Intel CEO, Pat Gelsinger, stressed the importance of reviving the US semiconductor industry. He further warned that relying on semiconductors imports from Korea and Taiwan could issues. According to him, semiconductors are directly related to national security and could raise the risk of geopolitical conflict.
In an interview published on the US internet media Axios the 18th (local time), Gelsinger discussed semiconductor imports from Korea and Taiwan. “If the world depends on one region, it becomes politically unstable,” he said. “This approach is also impractical,” Gelsinger concluded.
“Even if the location of the oil field is divinely determined, the location of the facility can be determined by humans,” he said.
He insisted: “The price in the US should not be 30-40% higher than in Asia. We need support to be able to make bigger and faster semiconductors on US soil by closing the (price) gap with Asia”. He added: “This year we will invest $20 billion. We are using cash to build manufacturing plants and research institutes. But we are looking for ways to get government support and subsidies.”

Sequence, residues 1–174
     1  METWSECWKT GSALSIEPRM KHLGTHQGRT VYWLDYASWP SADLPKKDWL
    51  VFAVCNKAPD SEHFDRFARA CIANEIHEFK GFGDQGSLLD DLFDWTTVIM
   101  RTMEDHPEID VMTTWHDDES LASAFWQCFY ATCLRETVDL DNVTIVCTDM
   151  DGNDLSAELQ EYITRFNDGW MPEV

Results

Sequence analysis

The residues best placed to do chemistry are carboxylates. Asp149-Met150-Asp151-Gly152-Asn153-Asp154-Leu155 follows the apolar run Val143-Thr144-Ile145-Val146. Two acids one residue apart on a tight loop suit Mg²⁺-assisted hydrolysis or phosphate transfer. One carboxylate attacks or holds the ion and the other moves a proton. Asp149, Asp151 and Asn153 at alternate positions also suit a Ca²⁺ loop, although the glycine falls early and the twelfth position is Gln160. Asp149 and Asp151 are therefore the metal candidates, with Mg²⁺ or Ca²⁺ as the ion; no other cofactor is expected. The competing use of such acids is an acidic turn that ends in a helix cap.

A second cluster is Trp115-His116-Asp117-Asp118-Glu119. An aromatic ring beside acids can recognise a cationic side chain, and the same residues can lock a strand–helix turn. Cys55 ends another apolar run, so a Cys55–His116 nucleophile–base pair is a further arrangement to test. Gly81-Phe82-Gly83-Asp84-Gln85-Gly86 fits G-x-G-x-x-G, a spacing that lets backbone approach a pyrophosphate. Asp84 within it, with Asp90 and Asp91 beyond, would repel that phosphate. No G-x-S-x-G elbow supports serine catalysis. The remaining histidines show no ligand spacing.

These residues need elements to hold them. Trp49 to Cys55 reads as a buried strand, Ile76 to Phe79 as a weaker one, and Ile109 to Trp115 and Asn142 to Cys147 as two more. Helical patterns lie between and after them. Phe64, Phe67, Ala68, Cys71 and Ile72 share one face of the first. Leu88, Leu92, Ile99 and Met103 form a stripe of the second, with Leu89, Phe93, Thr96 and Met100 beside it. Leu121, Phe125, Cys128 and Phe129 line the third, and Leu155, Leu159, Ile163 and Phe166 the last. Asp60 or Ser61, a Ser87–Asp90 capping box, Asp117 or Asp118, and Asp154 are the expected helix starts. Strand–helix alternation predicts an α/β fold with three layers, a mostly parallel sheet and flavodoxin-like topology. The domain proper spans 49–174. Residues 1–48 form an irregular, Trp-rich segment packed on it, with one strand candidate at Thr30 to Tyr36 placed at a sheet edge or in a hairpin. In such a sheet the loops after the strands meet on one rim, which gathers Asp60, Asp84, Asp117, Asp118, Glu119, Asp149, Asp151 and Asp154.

Intel, which was dominant in the semiconductor industry in the past, has recently fallen behind Korea and Taiwan. As of June, Intel predicted that the semiconductor industry would continue to boom over the next ten years. The company recently announced plans to build more large-scale semiconductor plants in the U.S. or Europe.
Joe Biden’s administration has also been holding meetings with industry leaders to address the issue of semiconductor supply and demand. Since the global Covid-19 pandemic began, global supplies of semiconductors have become scarce.
U.S. large semiconductors investment bill to pass.
The U.S. Senate has passed a bill to invest $52 billion in the semiconductor industry, but the House of Representatives has yet to rule it. According to Axios, Intel support plan is just the beginning of catching up with Taiwan and Korea in semiconductor production technology in the years to come. “Similar support will be needed in the second and third rounds to fully realise these ambitious plans,” Gelsinger added.